“They’re going grey in the face and are constantly tired and worn out. They haven’t had any sunlight.”
These are the words of Alison, a nurse at a prison in Wales, talking to The Guardian about the physical impact of extreme lockdown. Many prisoners across the UK are confined to their cells for 23 hours a day, with drastic curbs on exercise and family contact.
The impact has been psychological as well as physiological. “The most heartbreaking spectacle”, said Mary, a prisoner in southern England, “was seeing women…denied visits from their children, then, when visits resumed, not being able to touch their offspring. You cannot give solace to such women; you can only listen to their grief”.
The outgoing Chief Inspector of Prisons, Peter Clarke, last week told the BBC that the government and prison service needed to find a different way to control coronavirus in prisons. “To have people locked in their cells for 23 hours a day for seven months so far, that’s bad enough” he said. He continued:
“Now that we’re in a state where it looks as if the pandemic is going to continue for some considerable time…are we really saying that we’re going to keep prisoners locked in their cells for 23 hours a day for another three months, another six months, another year? That can’t be right”.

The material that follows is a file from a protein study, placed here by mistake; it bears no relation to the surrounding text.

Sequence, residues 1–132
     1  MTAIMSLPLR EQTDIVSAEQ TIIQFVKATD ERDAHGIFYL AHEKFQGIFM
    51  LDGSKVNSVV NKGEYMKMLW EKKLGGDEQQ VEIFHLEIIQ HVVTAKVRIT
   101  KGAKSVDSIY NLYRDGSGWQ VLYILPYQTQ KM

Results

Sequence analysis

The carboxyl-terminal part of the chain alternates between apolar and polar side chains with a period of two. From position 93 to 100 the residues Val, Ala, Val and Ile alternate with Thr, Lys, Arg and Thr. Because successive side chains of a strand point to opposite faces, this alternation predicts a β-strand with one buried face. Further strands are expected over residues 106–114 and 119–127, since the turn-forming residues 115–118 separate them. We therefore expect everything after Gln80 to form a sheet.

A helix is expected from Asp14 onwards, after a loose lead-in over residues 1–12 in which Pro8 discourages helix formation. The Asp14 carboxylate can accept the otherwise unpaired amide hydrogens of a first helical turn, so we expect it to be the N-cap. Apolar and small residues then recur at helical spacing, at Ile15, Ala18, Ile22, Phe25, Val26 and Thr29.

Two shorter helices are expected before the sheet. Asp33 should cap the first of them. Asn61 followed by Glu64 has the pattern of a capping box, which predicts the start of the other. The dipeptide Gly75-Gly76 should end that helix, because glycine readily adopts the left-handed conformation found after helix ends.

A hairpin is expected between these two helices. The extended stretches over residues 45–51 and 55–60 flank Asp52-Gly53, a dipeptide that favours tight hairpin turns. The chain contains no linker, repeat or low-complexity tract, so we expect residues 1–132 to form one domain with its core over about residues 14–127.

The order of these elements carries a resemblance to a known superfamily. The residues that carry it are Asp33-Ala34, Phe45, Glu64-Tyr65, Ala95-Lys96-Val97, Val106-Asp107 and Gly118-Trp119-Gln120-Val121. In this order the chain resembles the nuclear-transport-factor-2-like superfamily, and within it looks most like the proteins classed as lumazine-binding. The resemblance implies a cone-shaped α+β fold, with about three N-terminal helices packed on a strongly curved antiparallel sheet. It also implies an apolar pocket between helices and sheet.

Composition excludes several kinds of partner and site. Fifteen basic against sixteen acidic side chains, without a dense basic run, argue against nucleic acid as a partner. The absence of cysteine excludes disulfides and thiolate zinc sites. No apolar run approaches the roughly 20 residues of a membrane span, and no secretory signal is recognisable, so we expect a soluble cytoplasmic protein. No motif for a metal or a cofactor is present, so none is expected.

The different way to control coronavirus has always been clear. As the World Health Organisation, the Prison Governors’ Association, among others, argued at the start of this crisis, we need a controlled release of thousands of prisoners unnecessarily detained, to create the conditions for social distancing that our overcrowded prisons cannot possibly deliver.
The government's stubborn commitment to a draconian lockdown in prisons stands in stark contrast to the more flexible approach it has adopted for society as a whole.
This week, a legal challenge to the Prison Service’s policy on transgender prisoners began. It was quickly adjourned until the New Year, following the failure of the Ministry of Justice to provide the court with the relevant paperwork in a timely manner.
The challenge, brought in the name of a female prisoner who was sexually assaulted by a male transgender prisoner while in a women’s prison, claims that the current prison service approach discriminates against female prisoners.
I was asked to provide a written submission in support of the challenge; something I was happy to do. In seeking, rightly, to ensure fairness for transgender prisoners, the Prison Service has failed to consider fully the impact of its policies on female prisoners.
I hope that the legal challenge, when it recommences in the New Year, prompts a rethink by the Prison Service.